Early Childhood Education

Real Talk: Updates & Guidelines on Screen Time

Real Talk: Updates & Guidelines on Screen Time

The words “average screen time by age” or “kids screen time” litter the search histories of parents all around the world. If there’s one thing parents seem to collectively obsess over, it’s needing to know if they’re screwing their kids up by letting them watch Paw Patrol on their phone while they’re grocery shopping.

(By the way, has anyone done the math on how often Zuma gets put on a mission? Because it seems like he never gets deployed …)


Research and guidelines continue to be updated, so here is what the experts say, what parents can consider when setting screen time rules, and how much slack they should give themselves when it comes to monitoring their kids’ media consumption. 

Recommended Average Screen Time by Age

The American Academy of Child and Adolescent Psychiatry (AACAP) has clearly defined guidelines on how much screen time they think children at different ages should have. According to them …

  • Until 18 months of age, limit screen use to video chatting along with an adult.
  • Between 18 and 24 months, screen time should be limited to watching educational programming with a caregiver.
  • For children 2 to 5 years old, limit non-educational screen time to about 1 hour per weekday and 3 hours on the weekend.
  • For ages 6 and older, encourage healthy habits and limit activities that include screens.

IMPORTANT: Because of research that points to the lack of benefits that screen time has for children under the age of 2, the guidelines we’re discussing for the rest of the article apply to kids older than 2.

The Struggle for Parents

Be honest. Did your face do this when you saw those guidelines?


If you’re feeling ashamed after reading those suggestions, give yourself some grace — you are not the only parent who struggles to meet those expectations. More than 75% of children younger than 2 and 64% of kids ages 2 to 5 exceeded the recommended guidelines, according to one study

Even before 2020, it was hard to keep screens away from kids. Especially for single-parent homes and households where both parents work, keeping kids busy without the help of screens was hard.

Enter COVID-19, and all bets were off. 

So many families simply don’t have the ability to not use screens as a way to fill time. Psychologist Candice Odgers of University of California, Irvine, studies how screen time affects kids, and she agrees. “It’s a very privileged thing to be able to do, to have this tech-free life,” she says.

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Child psychologist Michael Rich at Boston Children’s Hospital puts it best: “I think one thing we have to get away from is the concept that screens are toxic. Screens are not inherently toxic. They’re neutral. It’s what we do with them that matters.”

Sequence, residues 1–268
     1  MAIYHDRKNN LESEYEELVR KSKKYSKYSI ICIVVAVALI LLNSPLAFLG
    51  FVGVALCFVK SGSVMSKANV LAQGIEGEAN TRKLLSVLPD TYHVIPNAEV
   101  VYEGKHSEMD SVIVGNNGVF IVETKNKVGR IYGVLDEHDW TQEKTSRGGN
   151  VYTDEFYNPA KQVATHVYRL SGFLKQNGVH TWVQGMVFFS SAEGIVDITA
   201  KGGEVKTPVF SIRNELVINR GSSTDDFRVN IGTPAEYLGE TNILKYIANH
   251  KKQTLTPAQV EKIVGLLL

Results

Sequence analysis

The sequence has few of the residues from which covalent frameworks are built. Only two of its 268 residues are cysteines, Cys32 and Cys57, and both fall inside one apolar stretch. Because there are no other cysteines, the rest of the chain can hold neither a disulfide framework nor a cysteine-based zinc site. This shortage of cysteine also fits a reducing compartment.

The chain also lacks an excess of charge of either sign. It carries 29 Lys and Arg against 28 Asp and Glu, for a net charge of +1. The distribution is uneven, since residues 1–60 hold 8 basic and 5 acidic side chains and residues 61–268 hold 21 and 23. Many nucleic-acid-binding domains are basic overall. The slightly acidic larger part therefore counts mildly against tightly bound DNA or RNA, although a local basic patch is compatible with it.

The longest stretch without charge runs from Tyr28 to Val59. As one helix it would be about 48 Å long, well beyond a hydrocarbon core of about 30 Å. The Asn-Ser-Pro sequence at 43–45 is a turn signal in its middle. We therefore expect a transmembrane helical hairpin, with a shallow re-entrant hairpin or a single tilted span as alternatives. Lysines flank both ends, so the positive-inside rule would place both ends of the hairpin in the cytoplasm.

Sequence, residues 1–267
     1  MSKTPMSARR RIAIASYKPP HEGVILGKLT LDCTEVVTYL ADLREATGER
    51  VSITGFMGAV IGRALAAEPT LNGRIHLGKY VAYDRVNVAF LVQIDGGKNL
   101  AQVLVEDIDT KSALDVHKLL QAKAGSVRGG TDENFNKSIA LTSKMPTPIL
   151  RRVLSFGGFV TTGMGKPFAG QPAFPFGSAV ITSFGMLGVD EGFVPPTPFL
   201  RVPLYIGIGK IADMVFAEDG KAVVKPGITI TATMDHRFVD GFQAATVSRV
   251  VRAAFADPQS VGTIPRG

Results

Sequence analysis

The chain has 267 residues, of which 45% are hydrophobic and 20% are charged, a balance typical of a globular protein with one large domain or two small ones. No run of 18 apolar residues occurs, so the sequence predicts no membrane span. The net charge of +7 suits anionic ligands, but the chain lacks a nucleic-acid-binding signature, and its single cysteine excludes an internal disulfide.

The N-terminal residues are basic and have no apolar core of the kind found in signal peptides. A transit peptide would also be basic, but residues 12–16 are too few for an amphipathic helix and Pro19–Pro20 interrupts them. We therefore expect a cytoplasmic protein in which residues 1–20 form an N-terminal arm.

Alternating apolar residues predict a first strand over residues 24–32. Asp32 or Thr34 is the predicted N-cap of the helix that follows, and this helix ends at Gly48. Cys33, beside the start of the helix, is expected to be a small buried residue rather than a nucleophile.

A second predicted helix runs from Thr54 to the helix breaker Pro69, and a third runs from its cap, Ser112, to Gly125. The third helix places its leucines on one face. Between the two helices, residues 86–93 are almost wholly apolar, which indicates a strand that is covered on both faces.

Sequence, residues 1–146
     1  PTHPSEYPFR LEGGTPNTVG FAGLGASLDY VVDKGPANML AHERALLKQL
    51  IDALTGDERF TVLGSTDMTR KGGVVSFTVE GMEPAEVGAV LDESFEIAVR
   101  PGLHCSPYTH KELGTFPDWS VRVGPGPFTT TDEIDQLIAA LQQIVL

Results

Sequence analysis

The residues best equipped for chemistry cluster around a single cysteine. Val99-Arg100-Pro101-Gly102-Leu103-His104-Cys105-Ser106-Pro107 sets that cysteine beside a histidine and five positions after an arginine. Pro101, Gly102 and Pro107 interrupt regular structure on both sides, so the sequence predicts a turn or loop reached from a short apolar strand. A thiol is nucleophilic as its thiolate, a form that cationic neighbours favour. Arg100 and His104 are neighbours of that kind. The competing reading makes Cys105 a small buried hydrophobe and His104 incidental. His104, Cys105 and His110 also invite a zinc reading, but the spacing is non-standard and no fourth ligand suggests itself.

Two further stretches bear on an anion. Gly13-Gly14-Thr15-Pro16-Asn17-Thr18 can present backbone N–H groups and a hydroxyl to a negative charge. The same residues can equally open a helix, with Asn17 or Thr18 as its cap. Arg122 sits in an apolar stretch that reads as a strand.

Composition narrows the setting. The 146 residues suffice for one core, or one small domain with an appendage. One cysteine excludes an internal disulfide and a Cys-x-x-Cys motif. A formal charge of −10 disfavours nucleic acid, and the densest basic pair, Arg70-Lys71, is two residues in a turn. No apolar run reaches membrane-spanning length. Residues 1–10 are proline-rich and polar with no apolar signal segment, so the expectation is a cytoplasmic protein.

Screen Time Real Talk

All that being said, let’s get real about what screen time means for you as a parent. 

Real talk: Completely eliminating screens is impossible.

While a “Little House on the Prairie” existence may sound nice at times, we live in a digital world. Kids will be interacting with screens constantly as they grow, and the things they like to do will involve screens. Instead of asking how to get rid of screens completely, ask yourself, “How can everyone in our household have a healthy relationship with our phones, tablets, and TVs?”

Real talk: You can’t co-watch everything with your child.

Co-watching a program with your child is GREAT and should be the norm. (More on that later.) However, most of the guidance on the internet implies that 100% of their screen time should be spent with a parent. 

Raise your hand if that’s possible for you. 


Here’s the great news — this is one of those rare “both and” situations. For the parent looking to make dinner or pick up the house during screen time, sit down and watch a few episodes of a program with your kid and talk about the content. Then step back and check in on them as they become familiar with what’s happening.

Real Talk: Sometimes screens save your sanity.

Be honest about the times when large chunks of screen consumption is okay. Long car rides, vacations, or more formal events that require them to sit still for long periods of time are all instances where reevaluating screen time limits might be necessary. 

Remember, these are the exceptions to the rule. Despite the prolific nature of screens, we don’t want a tablet to be the answer to the statement, “I’m bored.” In fact, boredom could be just the thing a child needs to get creative!

Real Talk: You don’t know how much time your kids spend on screens or what they’re watching.

Thankfully, as the concern for screen time and children’s online privacy continue to grow, there are tools that can help limit and observe the amount of time kids stay on a screen.